Believing your ears

I heard both real ceiling-mounted speakers and virtual ones at a Dolby press demonstration. The real, overhead speakers provided the best overhead sound, but the Atmos-enabled virtual ceiling speakers still impressed me. The sound really did seem to come from above.

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In this 5.1.4 Atmos setup, four "virtual" ceiling speakers fire sound upward to bounce it off the ceiling.

But I can’t promise that the effect will be as impressive in your home. These speakers were expensive prototypes built by Dolby, and they were played in a mock home theater room at Dolby’s lab. I have to assume that this room had fantastic acoustics, and a ceiling designed for bouncing sound waves. Of course, that’s the problem with vendor-controlled demonstrations. You get an ideal experience, not a real-world one.

In every way possible, that ideal version of Atmos for the home sounded incredible, with full, enveloping, surround sound. It was easily the best home theater audio I’d ever heard. I suspect that still would have been true if they had turned off Atmos and played a conventional 5.1 or 7.1 mix—but that wouldn’t have pinpointed the sounds so accurately, or had some of them playing over my head.

The home theater you can take with you

In addition to the home market, Dolby plans to bring Atmos to tablets and smartphones, with immersive audio re-created through your headphones.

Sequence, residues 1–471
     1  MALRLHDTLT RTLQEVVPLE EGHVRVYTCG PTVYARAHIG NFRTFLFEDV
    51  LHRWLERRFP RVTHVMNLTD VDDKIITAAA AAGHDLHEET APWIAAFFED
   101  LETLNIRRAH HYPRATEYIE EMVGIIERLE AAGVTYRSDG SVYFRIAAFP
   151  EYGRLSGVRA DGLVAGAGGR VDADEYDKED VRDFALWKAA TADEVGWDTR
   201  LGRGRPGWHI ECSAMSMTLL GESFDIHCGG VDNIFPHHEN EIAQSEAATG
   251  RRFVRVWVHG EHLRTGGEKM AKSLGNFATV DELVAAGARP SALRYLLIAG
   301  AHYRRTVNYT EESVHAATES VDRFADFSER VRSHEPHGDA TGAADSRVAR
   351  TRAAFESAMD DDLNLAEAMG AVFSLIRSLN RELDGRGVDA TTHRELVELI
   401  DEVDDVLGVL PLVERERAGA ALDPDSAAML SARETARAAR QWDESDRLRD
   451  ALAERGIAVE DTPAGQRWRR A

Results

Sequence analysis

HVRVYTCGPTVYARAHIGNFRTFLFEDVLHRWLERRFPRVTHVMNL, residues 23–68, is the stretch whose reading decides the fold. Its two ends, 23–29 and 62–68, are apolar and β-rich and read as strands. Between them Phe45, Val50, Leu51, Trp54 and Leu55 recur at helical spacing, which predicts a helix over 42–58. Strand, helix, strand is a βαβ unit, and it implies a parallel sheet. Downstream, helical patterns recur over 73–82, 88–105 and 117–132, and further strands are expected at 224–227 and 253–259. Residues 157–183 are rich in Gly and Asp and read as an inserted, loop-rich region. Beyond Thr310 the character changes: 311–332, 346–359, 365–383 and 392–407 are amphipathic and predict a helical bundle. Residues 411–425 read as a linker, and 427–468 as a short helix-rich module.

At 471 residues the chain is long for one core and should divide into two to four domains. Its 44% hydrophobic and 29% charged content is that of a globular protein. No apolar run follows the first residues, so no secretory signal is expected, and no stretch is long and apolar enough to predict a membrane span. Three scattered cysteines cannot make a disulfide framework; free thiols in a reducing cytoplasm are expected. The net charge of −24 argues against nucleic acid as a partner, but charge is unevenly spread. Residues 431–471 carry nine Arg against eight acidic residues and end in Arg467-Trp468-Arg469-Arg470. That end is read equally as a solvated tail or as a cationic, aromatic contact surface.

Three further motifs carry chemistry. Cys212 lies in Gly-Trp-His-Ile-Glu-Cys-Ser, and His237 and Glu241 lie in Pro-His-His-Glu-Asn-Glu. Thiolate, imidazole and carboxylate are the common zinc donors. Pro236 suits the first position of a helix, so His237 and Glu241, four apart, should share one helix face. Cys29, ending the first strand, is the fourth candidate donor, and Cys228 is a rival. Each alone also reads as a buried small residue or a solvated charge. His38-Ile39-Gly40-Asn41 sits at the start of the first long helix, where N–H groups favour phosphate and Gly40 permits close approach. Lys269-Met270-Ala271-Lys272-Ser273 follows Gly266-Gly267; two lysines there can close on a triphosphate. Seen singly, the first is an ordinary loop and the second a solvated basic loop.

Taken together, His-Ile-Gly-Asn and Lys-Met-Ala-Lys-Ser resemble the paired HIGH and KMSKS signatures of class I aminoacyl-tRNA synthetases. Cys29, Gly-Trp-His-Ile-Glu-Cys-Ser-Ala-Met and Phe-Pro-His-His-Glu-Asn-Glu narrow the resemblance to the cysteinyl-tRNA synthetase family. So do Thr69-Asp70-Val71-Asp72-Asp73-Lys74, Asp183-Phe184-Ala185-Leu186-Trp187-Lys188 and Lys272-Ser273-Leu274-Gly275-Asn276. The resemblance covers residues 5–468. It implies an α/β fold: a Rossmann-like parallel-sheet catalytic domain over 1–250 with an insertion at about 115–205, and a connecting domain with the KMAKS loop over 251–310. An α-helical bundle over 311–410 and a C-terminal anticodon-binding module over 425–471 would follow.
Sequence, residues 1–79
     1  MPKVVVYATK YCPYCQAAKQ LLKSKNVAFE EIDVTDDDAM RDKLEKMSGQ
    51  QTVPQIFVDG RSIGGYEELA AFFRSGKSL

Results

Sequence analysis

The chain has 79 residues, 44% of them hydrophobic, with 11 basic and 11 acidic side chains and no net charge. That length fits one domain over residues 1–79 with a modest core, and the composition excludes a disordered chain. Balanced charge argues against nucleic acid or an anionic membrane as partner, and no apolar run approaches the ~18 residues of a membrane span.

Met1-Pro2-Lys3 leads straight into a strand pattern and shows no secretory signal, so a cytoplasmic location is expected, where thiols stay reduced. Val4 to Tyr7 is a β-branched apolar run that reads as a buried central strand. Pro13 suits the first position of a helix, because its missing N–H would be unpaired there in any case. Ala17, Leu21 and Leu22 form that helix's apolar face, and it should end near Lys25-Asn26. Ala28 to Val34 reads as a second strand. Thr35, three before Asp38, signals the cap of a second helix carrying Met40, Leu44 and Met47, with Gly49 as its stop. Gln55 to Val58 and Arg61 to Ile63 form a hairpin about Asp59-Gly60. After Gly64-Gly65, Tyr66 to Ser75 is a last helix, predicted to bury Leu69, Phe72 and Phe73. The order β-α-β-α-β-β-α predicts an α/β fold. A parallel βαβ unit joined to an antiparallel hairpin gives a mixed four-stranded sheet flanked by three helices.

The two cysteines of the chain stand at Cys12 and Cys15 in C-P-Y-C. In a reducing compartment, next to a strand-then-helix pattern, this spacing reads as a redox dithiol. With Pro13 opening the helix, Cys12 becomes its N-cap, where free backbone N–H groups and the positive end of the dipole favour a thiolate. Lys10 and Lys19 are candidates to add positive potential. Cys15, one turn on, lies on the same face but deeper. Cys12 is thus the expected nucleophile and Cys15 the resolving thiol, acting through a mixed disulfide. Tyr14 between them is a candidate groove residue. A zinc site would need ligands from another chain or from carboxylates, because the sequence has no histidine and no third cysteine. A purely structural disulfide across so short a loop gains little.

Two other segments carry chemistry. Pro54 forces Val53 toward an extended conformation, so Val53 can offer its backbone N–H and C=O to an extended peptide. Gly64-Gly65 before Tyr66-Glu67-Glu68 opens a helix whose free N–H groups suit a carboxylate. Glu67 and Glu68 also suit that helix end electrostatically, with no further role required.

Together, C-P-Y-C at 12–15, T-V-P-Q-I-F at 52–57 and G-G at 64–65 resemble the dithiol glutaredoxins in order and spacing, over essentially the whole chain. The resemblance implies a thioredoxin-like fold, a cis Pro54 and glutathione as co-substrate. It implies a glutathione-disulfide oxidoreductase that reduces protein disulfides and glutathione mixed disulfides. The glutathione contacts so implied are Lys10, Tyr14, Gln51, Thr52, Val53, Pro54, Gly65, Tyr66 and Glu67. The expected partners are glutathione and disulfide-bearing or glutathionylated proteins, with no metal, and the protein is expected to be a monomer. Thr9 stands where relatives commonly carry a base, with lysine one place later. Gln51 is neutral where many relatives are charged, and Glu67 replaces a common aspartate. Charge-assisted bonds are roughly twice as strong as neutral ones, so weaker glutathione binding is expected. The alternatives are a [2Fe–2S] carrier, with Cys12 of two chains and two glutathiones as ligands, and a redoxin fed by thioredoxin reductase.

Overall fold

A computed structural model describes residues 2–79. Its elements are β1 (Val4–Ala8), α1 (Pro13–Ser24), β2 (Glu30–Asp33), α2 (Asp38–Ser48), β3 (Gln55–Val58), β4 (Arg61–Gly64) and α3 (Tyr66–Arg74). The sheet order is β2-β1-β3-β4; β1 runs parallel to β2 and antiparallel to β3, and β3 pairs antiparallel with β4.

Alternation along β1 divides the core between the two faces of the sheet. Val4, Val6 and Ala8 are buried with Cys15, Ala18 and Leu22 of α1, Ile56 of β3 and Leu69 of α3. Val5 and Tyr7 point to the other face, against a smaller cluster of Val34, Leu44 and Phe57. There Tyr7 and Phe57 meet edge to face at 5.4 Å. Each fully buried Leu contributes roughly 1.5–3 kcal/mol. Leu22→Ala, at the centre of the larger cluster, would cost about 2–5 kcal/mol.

akg k702 reference headphones

I previewed mobile Atmos in a pair of studio reference headphones, but it's designed to work with any stereo headphones.

A great many subconscious cues—such as the lag time between when a sound hits one ear and then the other—tell our brains where that sound came from. The mobile Atmos re-creates these cues. Any stereo headphones will do.

I heard the effect at the press demonstration, which was equipped with what I believe were AKG K702 reference studio headphones. I was very impressed with the sounds in front of me, beside me, and behind me. But the overhead sounds were far less impressive, sounding as if they were coming from only slightly above everything else.

Atmos will likely come to tablets and smartphones both in apps and built into the hardware (Dolby didn’t discuss partners). The hardware-based processor will probably produce better sound, but an app will let you experience Atmos before your next phone upgrade.

But what about content?

Atmos hardware in the home or on the road will be worthless without Atmos-mixed content. Dolby promises that Atmos Blu-ray discs will appear in the near future. Any player that properly conforms to the Blu-ray specs should be able to play an Atmos soundtrack, provided you set your player properly.

The soundtrack will be backward compatible. Play it on a conventional system, and both the player and the receiver will see it as a normal 5.1 mix. A Dolby spokesperson promised that the company is working with Netflix and other major streaming services on bringing Atmos to the Internet.

If the content becomes common, wealthy home theater enthusiasts will likely jump on the Atmos bandwagon. The rest of us will probably wait and see about quality and price issues. At best, there will be a steady drip towards Atmos ubiquity—at least until something better comes along.